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Measurement prefixes

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Fractional Quantifier Prefixes (sub-multiples of ten) Used in Chemistry for Units of Measure such as Mass, Moles, Volume, and Time
by Christian Daughton, Ph.D. - 2000
Prefix

Ordinal

Value in power of 10 # Molecules per ordinal molea Derivation
milli (m) one-thousandth 10-3 - Fr. milli: thousand
micro (µ) one-millionth 10-6 - Gr. mikros: small (Greek letter 'mu')
nano (n) one-billionth 10-9 - Lat. nanus: dwarf
pico (p) one-trillionth 10-12 - Sp. pico: small quantity
femto (f) one-quadrillionth 10-15 600,000,000   Nor. femten: fifteen
atto (a) one-quintillionth 10-18 600,000   Nor. atten: eighteen
zepto (z)b one-sextillionth 10-21 600   Lat. septa: seven
yocto (y)b one-septillionth 10-24 ~1 (0.6)   Lat. octa: eight
a  derived from Avogadro's number = 6.0221 X 1023

b  "zepto" and "yocto" were accepted as prefixes by the 19th Conférence Générale des Poids et Mesures in 1990 as permissible prefixes used to modify SI units. (SI is an abbreviation for Système International d'Unités.)  Zepto had already been in unofficial use for several years. Zepto was coined from septa by replacing the "s" and "a" (for consistency with other units); "seven" times the standard unit multiplicative increment, 10-3, yields 10-21. Likewise, yocto was coined from octa because "eight" times the multiplicative increment, 10-3, yields 10-24. The initial letters, "z" and "y" were selected so that future units could be named in reverse alphabetical order.

A Perspective on Prefixes and Magnitude

One mole of M&M candies would occupy more than 14.5 million cubic miles of space (a cube 244 miles on side) [this assumes closest possible packing by a cubed-shaped candy occupying 0.1 cm3, actual candies would occupy a significantly larger volume (from Chem. Eng. News 18 Feb 2002, page 120)] This same volume is sufficient to cover the entire conterminous U.S. to a height of 17,000 feet.

One liter of coffee containing 1 millimole of caffeine (1 mmol/L, or 1 mM) would have nearly one SEXTILLION MOLECULES of caffeine.

One liter of solution whose analyte concentration is 1 zeptomolar (zM) would contain only about 600 MOLECULES of analyte. In contrast, the highly sensitive human nose can only detect concentrations down to about 1 picomolar (pM) - or 600 billion molecules per liter.

Detection of a chemical at a concentration of 1 part-per-billion (ppb; e.g., 1 µg/L) is similar to looking for one family among the world's entire population. In 1 nano second (ns), light travels a distance of only 1 FOOT.

One hydrogen atom has a mass of almost two yoctograms (yg).

Visual demonstration of "powers of 10" (demonstration of traveling from the edge of the universe [starting at a distance of 1023 meters from earth] down to the sub-atomic dimension of 10-16 meters — a total change of almost 40 "orders of magnitude" in scale)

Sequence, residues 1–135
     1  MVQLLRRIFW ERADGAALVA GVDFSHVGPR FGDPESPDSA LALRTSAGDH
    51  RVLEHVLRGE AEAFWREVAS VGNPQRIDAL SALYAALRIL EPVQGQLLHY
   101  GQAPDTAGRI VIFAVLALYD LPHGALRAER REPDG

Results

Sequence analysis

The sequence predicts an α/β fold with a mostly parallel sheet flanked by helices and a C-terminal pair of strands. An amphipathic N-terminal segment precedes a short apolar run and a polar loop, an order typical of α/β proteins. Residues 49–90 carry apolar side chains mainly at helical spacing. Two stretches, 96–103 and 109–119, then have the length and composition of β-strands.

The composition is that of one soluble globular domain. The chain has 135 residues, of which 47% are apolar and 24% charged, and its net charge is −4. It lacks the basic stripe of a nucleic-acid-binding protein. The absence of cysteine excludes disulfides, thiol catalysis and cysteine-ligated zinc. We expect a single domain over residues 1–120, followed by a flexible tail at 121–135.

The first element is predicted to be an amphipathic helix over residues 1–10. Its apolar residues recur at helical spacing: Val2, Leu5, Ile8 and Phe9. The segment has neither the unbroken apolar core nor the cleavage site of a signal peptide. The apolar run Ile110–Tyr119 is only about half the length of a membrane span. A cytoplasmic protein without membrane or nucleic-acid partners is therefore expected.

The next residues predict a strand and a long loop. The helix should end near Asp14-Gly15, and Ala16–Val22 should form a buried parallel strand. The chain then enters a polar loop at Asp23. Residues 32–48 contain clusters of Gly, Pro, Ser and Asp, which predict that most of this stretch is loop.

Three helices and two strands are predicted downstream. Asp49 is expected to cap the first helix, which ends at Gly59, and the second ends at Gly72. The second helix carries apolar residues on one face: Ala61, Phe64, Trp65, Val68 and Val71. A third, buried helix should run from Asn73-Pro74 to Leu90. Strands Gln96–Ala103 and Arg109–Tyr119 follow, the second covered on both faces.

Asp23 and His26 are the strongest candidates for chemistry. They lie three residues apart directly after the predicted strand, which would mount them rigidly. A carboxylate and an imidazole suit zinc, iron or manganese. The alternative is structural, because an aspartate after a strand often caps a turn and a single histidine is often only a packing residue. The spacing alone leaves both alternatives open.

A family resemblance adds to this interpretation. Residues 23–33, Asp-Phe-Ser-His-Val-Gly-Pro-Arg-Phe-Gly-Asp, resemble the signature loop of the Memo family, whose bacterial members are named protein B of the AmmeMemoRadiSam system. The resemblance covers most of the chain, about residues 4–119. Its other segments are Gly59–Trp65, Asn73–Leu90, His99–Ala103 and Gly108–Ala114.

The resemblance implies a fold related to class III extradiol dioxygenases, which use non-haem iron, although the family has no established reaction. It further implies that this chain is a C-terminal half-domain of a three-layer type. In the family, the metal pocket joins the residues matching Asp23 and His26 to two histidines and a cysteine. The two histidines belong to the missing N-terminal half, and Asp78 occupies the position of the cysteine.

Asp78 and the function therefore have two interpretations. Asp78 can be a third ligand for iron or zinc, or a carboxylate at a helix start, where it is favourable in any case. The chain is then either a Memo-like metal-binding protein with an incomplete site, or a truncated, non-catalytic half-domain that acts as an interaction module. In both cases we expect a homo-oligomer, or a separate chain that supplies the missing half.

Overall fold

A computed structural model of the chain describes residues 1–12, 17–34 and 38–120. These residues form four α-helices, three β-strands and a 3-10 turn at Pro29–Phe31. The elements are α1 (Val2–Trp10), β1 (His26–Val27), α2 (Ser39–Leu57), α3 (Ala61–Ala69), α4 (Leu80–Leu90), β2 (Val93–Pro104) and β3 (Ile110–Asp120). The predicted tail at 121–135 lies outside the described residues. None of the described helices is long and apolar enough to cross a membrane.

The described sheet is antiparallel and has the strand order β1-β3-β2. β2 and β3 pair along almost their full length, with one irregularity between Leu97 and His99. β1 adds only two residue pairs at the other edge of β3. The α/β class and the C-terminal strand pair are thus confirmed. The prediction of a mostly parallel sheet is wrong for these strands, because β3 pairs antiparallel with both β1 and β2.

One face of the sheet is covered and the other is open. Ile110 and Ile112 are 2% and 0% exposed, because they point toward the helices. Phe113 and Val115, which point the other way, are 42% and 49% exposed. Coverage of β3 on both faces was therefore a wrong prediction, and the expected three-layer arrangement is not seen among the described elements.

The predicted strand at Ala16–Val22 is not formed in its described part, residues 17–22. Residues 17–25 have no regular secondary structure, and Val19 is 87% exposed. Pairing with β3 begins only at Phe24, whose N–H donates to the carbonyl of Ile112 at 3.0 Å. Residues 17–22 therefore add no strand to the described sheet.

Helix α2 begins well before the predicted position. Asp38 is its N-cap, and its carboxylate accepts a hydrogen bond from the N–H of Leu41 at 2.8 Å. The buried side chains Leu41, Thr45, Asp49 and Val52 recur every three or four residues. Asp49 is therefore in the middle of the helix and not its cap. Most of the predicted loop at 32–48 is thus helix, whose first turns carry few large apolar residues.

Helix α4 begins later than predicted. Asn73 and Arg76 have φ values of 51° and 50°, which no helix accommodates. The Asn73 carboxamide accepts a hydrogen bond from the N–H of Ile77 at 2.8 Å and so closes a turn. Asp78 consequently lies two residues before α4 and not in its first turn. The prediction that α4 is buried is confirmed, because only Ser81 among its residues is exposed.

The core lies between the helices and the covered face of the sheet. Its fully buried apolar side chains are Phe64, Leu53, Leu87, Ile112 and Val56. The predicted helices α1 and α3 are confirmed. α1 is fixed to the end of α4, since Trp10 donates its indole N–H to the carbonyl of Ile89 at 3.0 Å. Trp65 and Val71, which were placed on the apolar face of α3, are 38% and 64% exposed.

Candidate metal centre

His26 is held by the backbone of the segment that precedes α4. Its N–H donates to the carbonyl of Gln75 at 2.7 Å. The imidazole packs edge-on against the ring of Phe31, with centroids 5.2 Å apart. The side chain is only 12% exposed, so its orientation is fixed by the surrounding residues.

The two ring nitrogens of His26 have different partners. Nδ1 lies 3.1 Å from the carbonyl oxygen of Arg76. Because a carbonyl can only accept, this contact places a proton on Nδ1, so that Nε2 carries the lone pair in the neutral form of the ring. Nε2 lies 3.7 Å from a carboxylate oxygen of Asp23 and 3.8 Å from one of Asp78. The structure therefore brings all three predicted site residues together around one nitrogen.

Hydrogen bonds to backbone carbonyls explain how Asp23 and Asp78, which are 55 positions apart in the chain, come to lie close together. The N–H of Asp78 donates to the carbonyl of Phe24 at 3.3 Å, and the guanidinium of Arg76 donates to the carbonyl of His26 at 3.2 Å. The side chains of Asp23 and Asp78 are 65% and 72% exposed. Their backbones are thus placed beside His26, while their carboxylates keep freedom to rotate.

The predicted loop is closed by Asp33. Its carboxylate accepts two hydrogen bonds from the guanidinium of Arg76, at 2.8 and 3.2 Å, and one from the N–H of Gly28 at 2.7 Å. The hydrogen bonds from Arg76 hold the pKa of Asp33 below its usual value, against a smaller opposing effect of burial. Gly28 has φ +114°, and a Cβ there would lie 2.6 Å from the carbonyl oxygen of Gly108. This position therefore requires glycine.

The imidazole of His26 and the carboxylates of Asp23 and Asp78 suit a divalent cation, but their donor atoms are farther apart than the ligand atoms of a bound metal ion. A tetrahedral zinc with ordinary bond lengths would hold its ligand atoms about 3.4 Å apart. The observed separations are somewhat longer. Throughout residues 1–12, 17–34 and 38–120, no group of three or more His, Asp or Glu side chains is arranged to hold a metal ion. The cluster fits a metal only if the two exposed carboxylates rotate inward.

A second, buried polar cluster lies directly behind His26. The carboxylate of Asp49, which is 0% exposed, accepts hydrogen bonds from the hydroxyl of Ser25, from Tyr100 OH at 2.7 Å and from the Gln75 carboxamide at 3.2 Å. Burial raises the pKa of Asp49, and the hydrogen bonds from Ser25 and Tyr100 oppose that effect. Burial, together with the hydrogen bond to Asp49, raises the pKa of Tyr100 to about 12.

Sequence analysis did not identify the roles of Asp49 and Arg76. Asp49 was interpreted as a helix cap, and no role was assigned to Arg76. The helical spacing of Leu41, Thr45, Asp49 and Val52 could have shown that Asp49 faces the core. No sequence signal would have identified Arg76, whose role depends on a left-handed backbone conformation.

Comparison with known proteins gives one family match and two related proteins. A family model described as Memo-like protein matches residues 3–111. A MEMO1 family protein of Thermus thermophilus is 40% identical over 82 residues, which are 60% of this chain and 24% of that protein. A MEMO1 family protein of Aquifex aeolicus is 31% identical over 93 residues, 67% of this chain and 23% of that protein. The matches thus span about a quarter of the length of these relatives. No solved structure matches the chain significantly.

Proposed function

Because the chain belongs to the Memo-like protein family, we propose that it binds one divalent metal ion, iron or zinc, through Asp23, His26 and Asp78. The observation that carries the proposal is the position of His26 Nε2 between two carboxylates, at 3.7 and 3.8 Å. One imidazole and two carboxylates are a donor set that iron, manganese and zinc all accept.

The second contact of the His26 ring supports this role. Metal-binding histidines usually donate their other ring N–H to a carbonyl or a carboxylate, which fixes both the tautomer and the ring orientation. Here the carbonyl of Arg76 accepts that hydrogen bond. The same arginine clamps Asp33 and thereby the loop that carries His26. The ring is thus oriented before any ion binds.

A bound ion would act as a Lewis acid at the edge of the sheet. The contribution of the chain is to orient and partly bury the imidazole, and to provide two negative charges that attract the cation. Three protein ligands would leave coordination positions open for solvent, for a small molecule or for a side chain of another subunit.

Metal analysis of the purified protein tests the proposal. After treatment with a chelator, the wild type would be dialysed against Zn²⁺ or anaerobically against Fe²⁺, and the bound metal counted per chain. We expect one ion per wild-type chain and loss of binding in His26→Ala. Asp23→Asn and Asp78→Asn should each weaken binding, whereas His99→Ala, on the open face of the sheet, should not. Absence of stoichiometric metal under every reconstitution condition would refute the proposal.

How much is a part per million?
http://www.phthalates.org/pdfs/How_Much.pdf (PDF) [2 pp, 146KB] (American Chemistry Council)
http://ace.orst.edu/info/extoxnet/tibs/partperm.htm (EXTOXNET: Extension Toxicology Network)

For perspective on the immense size of Avogadro's number (6.0221 × 1023, a number also referred to in chemistry shorthand as one mole or 1 mol), consider that a very rough estimate of the number of stars in the universe is 1021 (http://imagine.gsfc.nasa.gov/docs/ask_astro/answers/970115.html); a more current number of known stars is 70 sextillion (70 × 1021) and exceeds by 10 fold the number of individual grains of sand from all the world's beaches and deserts [see: CNN.com 23 July 2003: http://www.cnn.com/2003/TECH/space/07/22/stars.survey/] This means that the number of known stars in the universe amounts to but a fraction of the number of atoms in merely 12.0 grams of carbon-12 (defined as Avogadro's number) or the number of molecules of any gas contained in the volume of 22.4 liters (at standard pressure and temperature).

For a discussion of statistical issues related to solutions of ultra-low concentrations, see the following reference:
C.E. Efstathiou "On the Sampling Variance of Ultra-Dilute Solutions," Talanta 2000, 52(4), 711-715.

Comprehensive Background and Information on SI

FootRule.com (unit conversions)
http://www.footrule.com/index.htm

Google Conversions - help (e.g., 1000 femtograms = ? milligrams)
http://www.google.com/help/calculator.html

The NIST Reference on Constants, Units, and Uncertainty
http://physics.nist.gov/cuu/Units/index.html

The International System of Units (SI): NIST Special Publication 330 
http://physics.nist.gov/Pubs/SP330/sp330.pdf (PDF)
  [77 pp, 815KB]

Interpretation of the SI for the United States and Federal Government Metric Conversion Policy
http://ts.nist.gov/ts/htdocs/200/202/pub814.htm

Guide for the Use of the International System of Units(SI)

 

Analytical Environmental Chemistry
ICE Home Page

Environmental Sciences | Office of Research & Development
 National Exposure Research Laboratory
Author: Andrew Grange
Email: grange.andrew@epa.gov


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